Formerly part of the Soviet Union, Moldova has been an independent country since 1991. Though very close to the Black Sea, Moldova is landlocked, bordering Romania in the west and the Ukraine in the north, east and south. The main part of the country lies between two rivers: the Prut in the west, which forms the border to Romania, and the Nistru (Dniestr) in the east. On the eastern bank of the Nistru lies the breakaway region of Transnistria, a narrow strip of land that is legally part of Moldova but de facto functions as an independent state, with border controls, its own government, constitution, currency etc. Moldova recognises Transnistria as one of two autonomous regions within Moldova, the second being Gagauzia. The Gagauz people are of Turkish origin but are unique in being one of only two Turkish people groups that traditionally adhere to Christianity (Russian-Orthodox).
State of the Church: The vast majority of Moldovans are nominally Orthodox Christians, but most have no understanding at all of the gospel and have never had the opportunity to read the Bible. After the collapse of the Soviet Union there was a big spiritual openness and many people turned to God, but today there is no longer such growth in the number of believers. Churches are also very much affected by the massive emigration of the population and especially struggle with the loss of young people. Evangelical believers are often regarded with suspicion and in some places can face fierce opposition. In many places, however, the witness of the local believers’ lives disproves prejudices and with time builds acceptance by the population.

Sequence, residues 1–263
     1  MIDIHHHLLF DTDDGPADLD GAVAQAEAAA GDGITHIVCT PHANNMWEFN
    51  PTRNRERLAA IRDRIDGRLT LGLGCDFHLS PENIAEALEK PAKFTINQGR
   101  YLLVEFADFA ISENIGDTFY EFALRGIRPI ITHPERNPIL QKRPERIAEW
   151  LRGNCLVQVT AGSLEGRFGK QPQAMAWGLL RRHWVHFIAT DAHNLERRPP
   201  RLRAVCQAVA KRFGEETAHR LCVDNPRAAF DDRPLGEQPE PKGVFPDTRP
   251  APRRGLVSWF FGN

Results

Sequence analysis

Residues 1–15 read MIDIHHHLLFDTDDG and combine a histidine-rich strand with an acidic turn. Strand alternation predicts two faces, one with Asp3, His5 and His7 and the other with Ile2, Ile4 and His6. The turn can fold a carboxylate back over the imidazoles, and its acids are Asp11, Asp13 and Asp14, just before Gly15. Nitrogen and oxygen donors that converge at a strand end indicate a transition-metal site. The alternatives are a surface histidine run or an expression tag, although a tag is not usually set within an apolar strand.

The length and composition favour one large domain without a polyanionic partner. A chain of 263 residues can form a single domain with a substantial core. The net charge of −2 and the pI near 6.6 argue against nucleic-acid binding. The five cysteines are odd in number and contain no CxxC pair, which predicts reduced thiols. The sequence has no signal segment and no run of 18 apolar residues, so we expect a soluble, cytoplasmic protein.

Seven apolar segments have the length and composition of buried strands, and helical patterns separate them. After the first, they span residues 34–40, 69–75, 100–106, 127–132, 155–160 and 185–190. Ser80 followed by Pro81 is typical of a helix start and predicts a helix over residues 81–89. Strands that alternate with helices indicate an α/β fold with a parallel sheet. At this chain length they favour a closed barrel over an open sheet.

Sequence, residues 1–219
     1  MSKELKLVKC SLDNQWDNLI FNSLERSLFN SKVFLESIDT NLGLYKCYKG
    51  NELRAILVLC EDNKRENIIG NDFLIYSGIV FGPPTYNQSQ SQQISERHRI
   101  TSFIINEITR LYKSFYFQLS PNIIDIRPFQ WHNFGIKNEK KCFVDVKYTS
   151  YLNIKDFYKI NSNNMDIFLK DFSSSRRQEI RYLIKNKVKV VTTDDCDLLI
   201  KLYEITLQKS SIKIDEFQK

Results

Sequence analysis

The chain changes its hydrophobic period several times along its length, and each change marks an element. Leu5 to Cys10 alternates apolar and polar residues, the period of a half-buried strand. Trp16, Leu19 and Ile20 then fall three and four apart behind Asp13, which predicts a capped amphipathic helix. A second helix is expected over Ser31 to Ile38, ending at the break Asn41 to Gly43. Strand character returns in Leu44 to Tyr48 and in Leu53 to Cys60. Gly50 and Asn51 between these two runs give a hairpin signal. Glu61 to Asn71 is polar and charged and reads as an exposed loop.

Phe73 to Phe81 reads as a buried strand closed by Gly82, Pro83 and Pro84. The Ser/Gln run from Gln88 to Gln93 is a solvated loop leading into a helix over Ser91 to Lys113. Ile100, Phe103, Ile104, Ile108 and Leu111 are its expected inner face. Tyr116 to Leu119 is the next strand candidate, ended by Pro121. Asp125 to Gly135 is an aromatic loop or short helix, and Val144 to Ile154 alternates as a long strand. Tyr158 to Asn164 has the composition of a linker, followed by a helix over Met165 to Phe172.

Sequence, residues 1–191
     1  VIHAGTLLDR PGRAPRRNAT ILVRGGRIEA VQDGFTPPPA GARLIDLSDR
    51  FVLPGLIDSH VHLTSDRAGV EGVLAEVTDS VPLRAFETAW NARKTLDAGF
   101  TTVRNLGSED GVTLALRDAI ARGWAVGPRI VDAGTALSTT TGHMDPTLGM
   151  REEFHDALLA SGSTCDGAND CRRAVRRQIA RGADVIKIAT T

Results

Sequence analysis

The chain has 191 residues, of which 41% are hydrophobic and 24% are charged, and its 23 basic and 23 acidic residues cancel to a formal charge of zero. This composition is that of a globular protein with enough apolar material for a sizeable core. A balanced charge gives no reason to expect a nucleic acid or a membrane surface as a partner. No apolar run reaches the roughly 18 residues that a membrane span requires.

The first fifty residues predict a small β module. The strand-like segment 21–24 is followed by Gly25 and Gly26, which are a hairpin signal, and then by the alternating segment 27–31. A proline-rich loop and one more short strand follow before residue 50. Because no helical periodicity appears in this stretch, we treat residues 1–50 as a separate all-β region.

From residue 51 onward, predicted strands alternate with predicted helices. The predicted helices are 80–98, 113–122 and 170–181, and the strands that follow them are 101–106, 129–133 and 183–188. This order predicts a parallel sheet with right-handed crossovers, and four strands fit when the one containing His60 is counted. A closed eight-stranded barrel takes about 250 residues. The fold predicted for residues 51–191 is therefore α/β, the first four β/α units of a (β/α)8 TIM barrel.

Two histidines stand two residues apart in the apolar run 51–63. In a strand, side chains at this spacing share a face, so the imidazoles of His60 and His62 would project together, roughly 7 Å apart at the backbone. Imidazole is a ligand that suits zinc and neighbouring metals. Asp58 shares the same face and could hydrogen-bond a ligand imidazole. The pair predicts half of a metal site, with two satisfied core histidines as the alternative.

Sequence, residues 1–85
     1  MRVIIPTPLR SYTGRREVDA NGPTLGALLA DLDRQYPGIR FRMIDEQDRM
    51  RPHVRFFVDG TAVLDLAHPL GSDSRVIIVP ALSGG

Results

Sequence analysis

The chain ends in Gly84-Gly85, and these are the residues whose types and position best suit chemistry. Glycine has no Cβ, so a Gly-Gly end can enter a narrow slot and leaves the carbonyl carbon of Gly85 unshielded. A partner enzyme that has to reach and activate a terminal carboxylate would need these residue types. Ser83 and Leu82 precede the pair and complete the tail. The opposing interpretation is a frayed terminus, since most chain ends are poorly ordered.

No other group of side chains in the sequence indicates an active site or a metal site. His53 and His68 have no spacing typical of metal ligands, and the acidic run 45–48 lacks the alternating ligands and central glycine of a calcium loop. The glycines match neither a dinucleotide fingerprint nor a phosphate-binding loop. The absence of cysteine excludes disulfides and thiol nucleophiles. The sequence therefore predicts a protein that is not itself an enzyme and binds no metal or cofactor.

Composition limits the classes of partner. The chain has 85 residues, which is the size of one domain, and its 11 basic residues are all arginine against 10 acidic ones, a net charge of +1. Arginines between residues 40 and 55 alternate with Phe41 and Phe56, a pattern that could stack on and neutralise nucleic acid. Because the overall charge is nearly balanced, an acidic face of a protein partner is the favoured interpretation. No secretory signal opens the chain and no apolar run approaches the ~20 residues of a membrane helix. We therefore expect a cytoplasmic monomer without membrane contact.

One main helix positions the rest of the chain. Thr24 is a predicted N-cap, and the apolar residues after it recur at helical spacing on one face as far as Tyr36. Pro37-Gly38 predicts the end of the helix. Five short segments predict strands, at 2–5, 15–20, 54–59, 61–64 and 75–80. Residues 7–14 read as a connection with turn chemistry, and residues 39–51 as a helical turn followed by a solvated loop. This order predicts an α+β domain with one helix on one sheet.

Socio-Economic Situation: Moldova continues to be among the very poorest countries in Europe, crippled by a high level of corruption, political instability and a failing economy. Extreme poverty, especially in rural areas, aggravates related problems like a high rate of alcoholism and an exodus of the working population to other countries, while often children and elderly are left behind. It is estimated that about half of the population are working abroad, but only a fraction is in their destination country legally (which makes accurate statistics difficult). According to World Bank estimates, over the last years personal remittances from Moldovans abroad have consistently accounted for more than 20% of Moldova’s GDP, one of the highest percentages in the world (the global average being 0,7%).
OM’s involvement in Moldova started with smuggling Bibles and Christian literature into the country during the Soviet Union, whereas a more focused ministry in the country began in 1995. Over the years an extensive and diverse ministry developed within the country, focusing on ministry areas like relief and development, youth and children’s ministry, developing and equipping local believers for ministry and leadership or offering short-term mission experiences to believers from around the world.
The beginnings and development of OM’s ministry in Moldova during its first 20 years can be traced in this booklet (which was produced for the 20-year-anniversary in 2015).